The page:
Musical Terminology

My last post, entitled “Agitato e Accesso” caused some consternation about which I will clarify. I combined two musical markings to reflect the notes on my personal score. Agitato (agitated) accesso (ignited, on fire) expressed my mood.

Yesterday I was in that fun house of emotional turmoil felt as angry depression. I’ve been advised that such feelings are normal to my situation.
What concerns me, and causes me despair is an inability to think clearly in a dependable way. Words and actions emerge sideways, and loved ones with the best intentions, people I know have my back, get hit by shrapnel.

To my dear ones, I am so sorry that my pain at times becomes your pain. That my words and actions do not reflect my best self, nor honor my affection for all of you.

I was reminded that when I am scared or unable to see through the smoke bombs, there are always hands surrounding me, reaching out for me to hold onto. I need those hands. I love those hands!images


Agitato e Accesso!

imagesI do not have a compassionate heart.
I do not possess patience to persevere beyond my limits.
I do not know how to fix my shit. But I will. Somehow.

I want to be to be heard, and for someone to listen.
I want to know if I will ever be happy for longer than an afternoon.
I want to know why I give trust another try, and have it explode in my face
because I am not able unlearn my defensiveness.

And why the one thing so deeply, deeply important to me is used by an adult thru my child to hurt me. I feel grief and failure. I feel menacing anger.


Tuning Up

imagesLast night I had the unexpected pleasure of talking for over two hours to a dear friend with whom I had lost touch over the years. She described this process of reconnecting with old friends as “reclaiming.” I love that image.

At one point we were discussing my earlier post on the Stages of Grief (or Transition, as I prefer to call them), and she reminded me that Schumann’s compositions were reflective of these ideas. He knew. He got it. This composer and his contemporaries used the prosody of Goethe, Chamisso & Heine, with their varied expressions, to provide the narrative which so characterized the Romantics. Of course, Schumann’s insight was too acute, and ultimately led to madness, something of an occupational hazzard of the brilliantly talented.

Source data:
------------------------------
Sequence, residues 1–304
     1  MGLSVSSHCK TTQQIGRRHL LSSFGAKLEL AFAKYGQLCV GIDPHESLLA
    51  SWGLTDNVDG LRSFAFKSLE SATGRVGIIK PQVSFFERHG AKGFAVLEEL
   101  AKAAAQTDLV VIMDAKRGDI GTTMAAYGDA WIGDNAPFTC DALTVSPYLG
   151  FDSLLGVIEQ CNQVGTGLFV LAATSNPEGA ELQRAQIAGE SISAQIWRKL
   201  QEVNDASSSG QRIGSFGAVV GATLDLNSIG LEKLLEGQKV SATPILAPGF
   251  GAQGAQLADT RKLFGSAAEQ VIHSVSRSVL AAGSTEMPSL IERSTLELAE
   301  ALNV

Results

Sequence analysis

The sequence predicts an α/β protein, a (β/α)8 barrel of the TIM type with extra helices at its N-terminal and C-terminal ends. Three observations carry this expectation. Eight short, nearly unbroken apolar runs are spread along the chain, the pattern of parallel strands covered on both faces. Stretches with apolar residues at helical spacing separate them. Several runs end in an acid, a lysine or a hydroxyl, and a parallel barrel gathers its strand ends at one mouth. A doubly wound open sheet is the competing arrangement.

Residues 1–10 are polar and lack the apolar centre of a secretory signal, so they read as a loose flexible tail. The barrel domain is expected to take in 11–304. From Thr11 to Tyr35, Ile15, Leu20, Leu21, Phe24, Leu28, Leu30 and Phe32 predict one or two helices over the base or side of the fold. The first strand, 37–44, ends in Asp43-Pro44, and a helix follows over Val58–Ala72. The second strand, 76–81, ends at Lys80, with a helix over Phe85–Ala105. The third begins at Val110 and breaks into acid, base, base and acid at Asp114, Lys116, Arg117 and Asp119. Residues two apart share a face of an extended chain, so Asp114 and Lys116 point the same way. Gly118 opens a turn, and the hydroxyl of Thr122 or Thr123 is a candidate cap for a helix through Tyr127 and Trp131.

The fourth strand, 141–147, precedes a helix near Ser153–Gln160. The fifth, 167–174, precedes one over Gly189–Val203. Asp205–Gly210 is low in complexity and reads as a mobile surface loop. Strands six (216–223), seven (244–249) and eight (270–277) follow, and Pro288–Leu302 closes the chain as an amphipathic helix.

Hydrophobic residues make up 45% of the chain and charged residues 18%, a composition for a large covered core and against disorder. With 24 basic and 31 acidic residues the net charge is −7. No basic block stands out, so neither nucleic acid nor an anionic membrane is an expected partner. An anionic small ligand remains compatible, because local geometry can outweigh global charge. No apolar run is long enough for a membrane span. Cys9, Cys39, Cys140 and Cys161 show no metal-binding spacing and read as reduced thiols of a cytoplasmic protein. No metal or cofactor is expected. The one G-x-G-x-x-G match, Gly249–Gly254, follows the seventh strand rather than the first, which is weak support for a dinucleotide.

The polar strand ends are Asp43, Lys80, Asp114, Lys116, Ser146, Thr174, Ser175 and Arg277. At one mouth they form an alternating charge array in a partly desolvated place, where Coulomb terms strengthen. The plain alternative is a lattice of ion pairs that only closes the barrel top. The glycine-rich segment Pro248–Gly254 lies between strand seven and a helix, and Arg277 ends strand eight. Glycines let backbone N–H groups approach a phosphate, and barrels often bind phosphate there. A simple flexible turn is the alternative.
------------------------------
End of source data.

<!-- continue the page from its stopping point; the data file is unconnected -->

Perhaps song cycles were the therapy of the nineteenth century?

Check out Schumann’s Frauenliebe und Leben ( A Woman’s Life and Love). Most of the Stages are there. This is a common device in these song cycles, and Frauen is one of his most sublime works. I’ll give a fairly accurate translation of the German for you. These songs are not formally titled, rather they are numbered 1-8.

1. Since I saw him…(anxious disbelief)
2. He, the most glorious of all…(surprise)
3. I cannot grasp it, nor believe it…(denial)
4. His ring on my finger…(disbelief)
His ring on my finger,
it has taught me for the first time,
has opened my gaze unto
the endless, deep value of life.

5. Help me, you sisters…(bargaining)
Help me, my sisters,
help me to banish
a foolish anxiety,
so that I may with clear
eyes receive him,
him, the source of joyfulness.

6. Sweet friend, I gaze upon you…(joyful disbelief…and fear)
About the signs
I have already asked Mother;
my good mother has
told me everything..
She has assured me that
by all appearances,
soon a cradle
will be needed.

Know you not the tears,
that I can weep?
Should you not see them,
my beloved man?
Stay by my heart,
feel its beat,
that I may, fast and faster,
hold you.

7. At my heart, at my breast…(maybe a stretch, but mild guilt)
Only a mother knows alone
what it is to love and be happy.

O how I pity then the man
who cannot feel a mother’s joy!

8. Now you have given me, for the first time, pain…(depression)
Now you have given me, for the first time, pain,
how it struck me.
He sleeps, my hard, merciless man,
the sleep of death.

The abandoned one gazes straight ahead,
the world is void.
I have loved and lived, I am
no longer living.

I withdraw silently into myself,
the veil falls,
there I have you and my lost happiness,
O you were my world!

Death is certainly a resolution. For this lady, there is no happy future. No hope. We’ve no idea what becomes of her. Somehow we missed the predictable marital spats and ardent passion, but anger would throw the entire tone off in this cycle. As for sexuality, it seems not to have had much of a place in the cultural context.

If you are not in tears by the end of a live performance of this music, blame the singer, for the composer artfully crafted this journey.

I’ll hold up another example for you to consider. Episcopalians/ Anglicans who read morning and evening prayer, from the Book of Common Prayer, follow the Lectionary for daily Psalms in the liturgy.

What has this to do with the Stages of Grief or Transition? Plenty.